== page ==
Importance of NITheCS for science and engineering underlined
What is probably the first paper with a National Institute for Theoretical and Computational Sciences (NITheCS) affiliation has been published under the title ‘Quantum-enhanced analysis of discrete stochastic processes.’ The authors are Carsten Blank, Daniel K. Park and, fittingly, also the Interim Director of the NITheCS, Francesco Petruccione.
Prof Petruccione comments: ‘We are proud to publish under the NITheCS affiliation and encourage our associates also to use the affiliation in future. The Institute is still young, but it builds on the work done and ties formed by its predecessor organisation, the National Institute for Theoretical Physics (NITheP).
‘With the incorporation of more disciplines, especially the computational sciences, we are positioned exactly where international scientific attention is currently focused. Among others, work on quantum computational science is opening many doors for researchers everywhere. While one obvious task for a quantum computer is to simulate quantum mechanical behaviours of nature, quantum simulation of probability distributions and stochastic processes has gained attention recently.’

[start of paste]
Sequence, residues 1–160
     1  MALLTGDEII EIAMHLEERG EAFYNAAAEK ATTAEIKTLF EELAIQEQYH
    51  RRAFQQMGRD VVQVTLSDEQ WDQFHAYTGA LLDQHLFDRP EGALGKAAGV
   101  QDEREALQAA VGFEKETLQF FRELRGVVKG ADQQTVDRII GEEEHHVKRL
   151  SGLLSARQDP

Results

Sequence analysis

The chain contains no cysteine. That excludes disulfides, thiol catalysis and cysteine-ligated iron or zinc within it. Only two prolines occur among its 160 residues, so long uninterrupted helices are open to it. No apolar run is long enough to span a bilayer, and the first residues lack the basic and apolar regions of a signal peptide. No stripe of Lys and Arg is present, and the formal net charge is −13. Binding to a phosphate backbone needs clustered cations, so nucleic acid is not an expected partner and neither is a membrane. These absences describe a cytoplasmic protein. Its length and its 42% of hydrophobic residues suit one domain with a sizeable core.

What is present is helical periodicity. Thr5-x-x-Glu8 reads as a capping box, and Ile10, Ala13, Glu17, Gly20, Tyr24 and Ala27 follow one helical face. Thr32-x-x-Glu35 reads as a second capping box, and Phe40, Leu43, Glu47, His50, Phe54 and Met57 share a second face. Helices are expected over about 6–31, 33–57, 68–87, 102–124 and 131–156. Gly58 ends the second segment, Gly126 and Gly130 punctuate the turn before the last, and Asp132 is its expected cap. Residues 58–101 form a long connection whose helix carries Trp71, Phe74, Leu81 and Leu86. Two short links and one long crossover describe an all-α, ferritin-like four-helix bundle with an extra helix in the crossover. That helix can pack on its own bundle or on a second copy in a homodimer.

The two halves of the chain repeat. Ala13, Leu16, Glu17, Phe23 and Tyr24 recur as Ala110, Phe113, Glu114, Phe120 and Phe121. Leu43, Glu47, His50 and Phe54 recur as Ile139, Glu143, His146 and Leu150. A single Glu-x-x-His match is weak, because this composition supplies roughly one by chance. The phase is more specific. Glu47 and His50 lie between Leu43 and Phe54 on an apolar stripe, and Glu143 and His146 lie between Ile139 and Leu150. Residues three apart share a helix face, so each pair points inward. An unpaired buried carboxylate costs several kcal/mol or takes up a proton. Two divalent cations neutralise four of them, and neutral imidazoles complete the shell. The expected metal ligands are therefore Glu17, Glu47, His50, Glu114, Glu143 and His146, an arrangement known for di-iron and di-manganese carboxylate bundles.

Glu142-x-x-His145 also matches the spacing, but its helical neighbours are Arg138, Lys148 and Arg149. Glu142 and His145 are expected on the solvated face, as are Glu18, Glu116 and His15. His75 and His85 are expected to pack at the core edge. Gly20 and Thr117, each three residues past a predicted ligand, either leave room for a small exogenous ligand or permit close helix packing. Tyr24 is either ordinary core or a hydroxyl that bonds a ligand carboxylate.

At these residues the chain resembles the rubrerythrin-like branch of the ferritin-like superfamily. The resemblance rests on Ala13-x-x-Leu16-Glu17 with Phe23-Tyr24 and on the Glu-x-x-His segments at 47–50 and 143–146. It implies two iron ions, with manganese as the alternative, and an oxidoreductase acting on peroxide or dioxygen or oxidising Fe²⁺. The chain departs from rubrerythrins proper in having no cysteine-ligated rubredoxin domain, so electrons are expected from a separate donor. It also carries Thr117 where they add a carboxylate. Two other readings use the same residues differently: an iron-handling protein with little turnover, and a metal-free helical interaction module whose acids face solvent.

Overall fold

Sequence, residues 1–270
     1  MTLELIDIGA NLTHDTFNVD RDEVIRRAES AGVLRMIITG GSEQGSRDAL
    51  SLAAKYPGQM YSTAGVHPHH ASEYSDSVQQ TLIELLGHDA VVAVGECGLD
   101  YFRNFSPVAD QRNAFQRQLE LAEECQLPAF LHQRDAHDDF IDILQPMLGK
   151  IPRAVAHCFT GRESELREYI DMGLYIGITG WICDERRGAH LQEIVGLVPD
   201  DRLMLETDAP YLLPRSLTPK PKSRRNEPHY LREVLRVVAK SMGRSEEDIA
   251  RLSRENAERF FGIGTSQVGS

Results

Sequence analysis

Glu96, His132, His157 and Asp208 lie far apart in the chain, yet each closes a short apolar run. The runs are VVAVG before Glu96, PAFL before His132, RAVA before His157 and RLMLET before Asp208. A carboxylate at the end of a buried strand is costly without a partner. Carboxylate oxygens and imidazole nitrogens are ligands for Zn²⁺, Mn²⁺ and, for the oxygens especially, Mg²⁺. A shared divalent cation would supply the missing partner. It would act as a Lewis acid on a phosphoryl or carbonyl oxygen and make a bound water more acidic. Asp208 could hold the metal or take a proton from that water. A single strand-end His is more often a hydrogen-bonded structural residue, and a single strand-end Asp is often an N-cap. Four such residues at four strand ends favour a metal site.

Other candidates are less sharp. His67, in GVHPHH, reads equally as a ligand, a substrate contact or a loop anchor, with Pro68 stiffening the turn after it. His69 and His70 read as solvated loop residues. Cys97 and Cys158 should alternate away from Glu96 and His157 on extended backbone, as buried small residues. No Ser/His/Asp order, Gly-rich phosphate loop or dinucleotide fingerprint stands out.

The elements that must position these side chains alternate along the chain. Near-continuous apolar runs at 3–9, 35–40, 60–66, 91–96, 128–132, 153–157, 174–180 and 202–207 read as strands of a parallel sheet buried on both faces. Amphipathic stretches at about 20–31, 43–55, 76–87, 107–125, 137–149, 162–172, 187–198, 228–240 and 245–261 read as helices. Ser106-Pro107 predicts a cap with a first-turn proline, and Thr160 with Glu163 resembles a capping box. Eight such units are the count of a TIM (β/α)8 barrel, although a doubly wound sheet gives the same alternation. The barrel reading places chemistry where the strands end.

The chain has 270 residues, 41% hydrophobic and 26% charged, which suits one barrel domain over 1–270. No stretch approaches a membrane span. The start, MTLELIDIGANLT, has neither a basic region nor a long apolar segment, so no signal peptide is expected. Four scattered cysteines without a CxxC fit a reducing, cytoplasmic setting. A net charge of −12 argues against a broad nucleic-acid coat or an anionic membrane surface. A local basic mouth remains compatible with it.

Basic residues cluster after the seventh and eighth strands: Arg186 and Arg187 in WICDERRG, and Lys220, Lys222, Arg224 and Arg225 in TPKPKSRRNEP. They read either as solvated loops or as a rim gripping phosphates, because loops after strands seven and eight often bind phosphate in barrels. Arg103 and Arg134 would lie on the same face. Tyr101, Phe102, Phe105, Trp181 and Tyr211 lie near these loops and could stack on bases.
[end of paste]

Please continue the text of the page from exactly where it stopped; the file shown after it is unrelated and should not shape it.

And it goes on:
Physical processes on quantum computers
The paper relates to the simulation of physical processes on quantum computers. This has many facets, and recent developments improving the use of this technology have benefits for science as well as engineering applications.
Prof Petruccione continues: ‘The framework developed by our work in the paper ‘opens tremendous and extensive opportunities in physics, biology, epidemiology, hydrology, engineering, and finance.’
With his co-authors he points out in the paper that ‘since quantum mechanics can be viewed as a mathematical generalisation of probability theory, where non-negative real-valued probabilities are replaced by complex-valued probability amplitudes, quantum computing appears to be a natural tool for simulating classical probabilistic processes.’
The discrete stochastic processes (DSP) instrumental to model the dynamics of probabilistic systems have a wide spectrum of applications in science and engineering.
‘We propose a quantum algorithm for calculating the characteristic function of a DSP, which completely defines its probability distribution, using the number of quantum circuit elements that grows only linearly with the number of time steps. The quantum algorithm reduces the Monte-Carlo sampling to a Bernoulli trial while taking all stochastic trajectories into account. This approach guarantees the optimal variance without the need for importance sampling.’
The full paper can be found here.